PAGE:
JCAA Newsletter

June 2020
NOTICES
JCAA 26th Annual Fluke Tournament
by Paul Turi, Fluke Tournament Director
Due to the Corona Virus, JCAA has moved the date of its annual fluke tournament to Saturday, September 12th and the awards presentations to Friday, September 18th. The good news for this year, among all of the bad news of the day, is that our Awards Presentations this year will be taking place at the Resorts Hotel Casino in Atlantic City. Hopefully, if all goes well with.....
JCAA High Roller Raffle 2020 $3000 Plus in Prizes!
by Don Marantz
The Jersey Coast Anglers Association is a charitable non-profit 501(c)3 organization that was formed in 1981. The original objective of the JCAA, that continues today, was to combine a group of marine sportfishing clubs in order to form and promote a united consensus on issues relevant to saltwater anglers in New Jersey. JCAA works to protect the rights of New Jersey's recreational fishermen.....
Public Access
by George Browne
This month’s public access column will be addressing six public access items. We have had some public access success stories this past month. First, public access at Bay Point Condominiums in Point Pleasant Borough has been restored. I am still waiting to hear about the final resolution from DEP, but you can now fish that area along the Point Pleasant Canal. Once informed of the public access.....
Assistance for Recreational Fishing Industry - Adjustments to Fishing Regulations and Seasons
by John Toth
COVID-19 is having a terrible effect on our recreational fishing industry with the for-hire fleet tied up to the docks due to social distancing. The for-hire fleet cannot sail, but that does not stop bills coming in for insurance, dockage and other fees. The following is an email to commissioners who are directly involved in the decision-making process requesting them to change fishing seasons and.....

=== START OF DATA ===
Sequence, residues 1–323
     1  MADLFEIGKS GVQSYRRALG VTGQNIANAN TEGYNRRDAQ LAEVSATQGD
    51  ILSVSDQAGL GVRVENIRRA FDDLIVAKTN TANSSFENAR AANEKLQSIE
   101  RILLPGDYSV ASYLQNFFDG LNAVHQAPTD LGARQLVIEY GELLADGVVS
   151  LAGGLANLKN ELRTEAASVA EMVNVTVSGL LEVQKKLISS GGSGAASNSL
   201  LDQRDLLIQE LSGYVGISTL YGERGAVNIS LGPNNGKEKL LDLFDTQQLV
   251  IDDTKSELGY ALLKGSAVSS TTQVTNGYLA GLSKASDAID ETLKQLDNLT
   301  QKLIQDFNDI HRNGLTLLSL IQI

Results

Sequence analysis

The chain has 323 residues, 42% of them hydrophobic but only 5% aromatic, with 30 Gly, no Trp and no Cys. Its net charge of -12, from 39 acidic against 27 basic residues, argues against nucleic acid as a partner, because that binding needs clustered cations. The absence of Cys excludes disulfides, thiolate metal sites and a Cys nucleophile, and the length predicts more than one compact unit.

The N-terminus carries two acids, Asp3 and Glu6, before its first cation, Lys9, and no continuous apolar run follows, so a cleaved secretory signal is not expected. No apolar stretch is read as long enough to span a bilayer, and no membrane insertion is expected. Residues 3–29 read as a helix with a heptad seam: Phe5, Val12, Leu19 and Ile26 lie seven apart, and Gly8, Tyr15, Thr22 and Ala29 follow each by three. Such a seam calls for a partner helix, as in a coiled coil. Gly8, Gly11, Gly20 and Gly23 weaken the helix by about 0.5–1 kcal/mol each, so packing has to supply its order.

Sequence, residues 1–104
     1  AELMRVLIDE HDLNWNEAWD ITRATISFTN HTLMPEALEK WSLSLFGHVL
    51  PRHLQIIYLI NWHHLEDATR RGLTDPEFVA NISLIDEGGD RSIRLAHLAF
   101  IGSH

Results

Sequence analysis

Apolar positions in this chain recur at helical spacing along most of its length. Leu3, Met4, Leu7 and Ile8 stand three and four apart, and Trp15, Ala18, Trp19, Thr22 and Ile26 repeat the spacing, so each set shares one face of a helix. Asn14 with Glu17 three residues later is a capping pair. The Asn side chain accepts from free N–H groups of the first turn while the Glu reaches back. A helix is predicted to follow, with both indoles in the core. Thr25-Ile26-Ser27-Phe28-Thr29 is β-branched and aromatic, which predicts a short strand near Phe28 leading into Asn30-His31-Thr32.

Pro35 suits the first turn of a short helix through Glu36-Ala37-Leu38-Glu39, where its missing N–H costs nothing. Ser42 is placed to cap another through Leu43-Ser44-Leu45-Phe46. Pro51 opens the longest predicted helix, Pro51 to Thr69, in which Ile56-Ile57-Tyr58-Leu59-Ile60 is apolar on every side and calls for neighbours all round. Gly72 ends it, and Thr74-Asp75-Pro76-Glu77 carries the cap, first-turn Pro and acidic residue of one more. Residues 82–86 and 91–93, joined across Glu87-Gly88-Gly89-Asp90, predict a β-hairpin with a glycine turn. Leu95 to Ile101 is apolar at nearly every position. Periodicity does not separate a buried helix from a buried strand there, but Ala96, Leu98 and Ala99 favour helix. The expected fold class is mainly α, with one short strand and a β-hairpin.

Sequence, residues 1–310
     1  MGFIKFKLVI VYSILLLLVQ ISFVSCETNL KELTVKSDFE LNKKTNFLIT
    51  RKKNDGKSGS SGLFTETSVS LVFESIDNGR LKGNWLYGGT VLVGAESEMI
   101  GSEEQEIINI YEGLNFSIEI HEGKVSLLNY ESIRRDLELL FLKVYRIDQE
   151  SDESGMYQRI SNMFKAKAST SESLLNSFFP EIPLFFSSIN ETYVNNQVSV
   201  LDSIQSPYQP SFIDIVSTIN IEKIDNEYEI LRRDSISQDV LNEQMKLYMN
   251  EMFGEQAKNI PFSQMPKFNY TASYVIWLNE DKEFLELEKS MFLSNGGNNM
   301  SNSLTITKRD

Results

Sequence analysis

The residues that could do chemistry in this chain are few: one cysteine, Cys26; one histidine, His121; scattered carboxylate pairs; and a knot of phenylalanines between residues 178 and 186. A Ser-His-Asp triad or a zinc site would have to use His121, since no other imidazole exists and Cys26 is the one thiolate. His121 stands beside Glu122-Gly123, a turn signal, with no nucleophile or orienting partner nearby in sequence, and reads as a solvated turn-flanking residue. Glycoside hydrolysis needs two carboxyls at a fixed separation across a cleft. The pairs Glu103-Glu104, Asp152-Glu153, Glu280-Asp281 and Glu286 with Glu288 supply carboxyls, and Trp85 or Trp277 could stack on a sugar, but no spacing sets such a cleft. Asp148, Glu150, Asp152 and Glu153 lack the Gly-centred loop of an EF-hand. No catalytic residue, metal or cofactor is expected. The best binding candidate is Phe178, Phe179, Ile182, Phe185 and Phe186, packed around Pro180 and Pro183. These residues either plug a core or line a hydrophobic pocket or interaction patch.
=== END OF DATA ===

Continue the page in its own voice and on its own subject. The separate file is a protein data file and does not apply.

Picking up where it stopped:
VICTORY! NJ Governor Murphy Denies All NESE Permits
Clean Ocean Action Press Release, 5/16/2020
Long Branch, NJ – Following the State of New York’s denial of all permits for the Northeast Supply Enhancement pipeline project (NESE), the State of New Jersey also denied all permits for the proposed project. In a letter on May 15, 2020, the New Jersey Department of Environmental Protection (NJDEP) stated, “The NJDEP hereby denies the NESE Project applications and the referenced.....
President's Report by John Toth
At the time I am writing this report, I have just learned that Governor Murphy has allowed the for-hire fleet to sail again with certain restrictions! This is such welcome news! The for-hire fleet lost the entire blackfish season during April and the prospect of not being able to sail during the May 22nd opening of the summer flounder season would be so economically devastating for.....
Fisheries Management & Legislative Report by Tom Fote
NJ gets 9TH Highest Amount of the 30 Participants but it is Not Enough
We have to thank our Congressional delegation for fighting for New Jersey’s fair share of the $300 million in CARE funds. I know people are not happy with the way the funds were distributed and neither am I. But we are dealing with the House and Senate and politics will be involved. This fund was for states impacted by Corona Virus and not all states were impacted equally. I was told the allocations.....
Youth Education Report by Greg Kucharewski
COVID-19 Angling Ethics
As COVID-19 restrictions ease and we start to make our way back to our favorite fishing areas, let us remember to respect our environment. Over the past several months you might notice several new items of debris in your neighborhood and public spaces. Rubber gloves, wipes, paper masks, and their packaging tossed along walking paths in parks and at beaches. Proper disposal of.....

Calendar of Events

May 26th JCAA General Meeting (Zoom) June 11th JCAA Board Meeting (Zoom) June 30th JCAA General Meeting (Zoom) June 16th-18th MAFMC & ASMFC Joint Meeting July 9th JCAA Board Meeting (Zoom) August 4th-6th ASMFC Summer Meeting August 13th JCAA Board Meeting (Zoom) September 12th JCAA Fluke Tournament (new date) September 18th JCAA Tournament Award Ceremony October 25th Governor’s Surf Fishing Tournament
GoTo: Interactive Calendar of Events

Acronyms, Abbreviations & Technical Terms Used in Fisheries Management Documents

EEZ = Exclusive Economic Zone = Federal water from 3 to 200 nautical miles offshore. Fisheries in the EEZ are generally under federal Control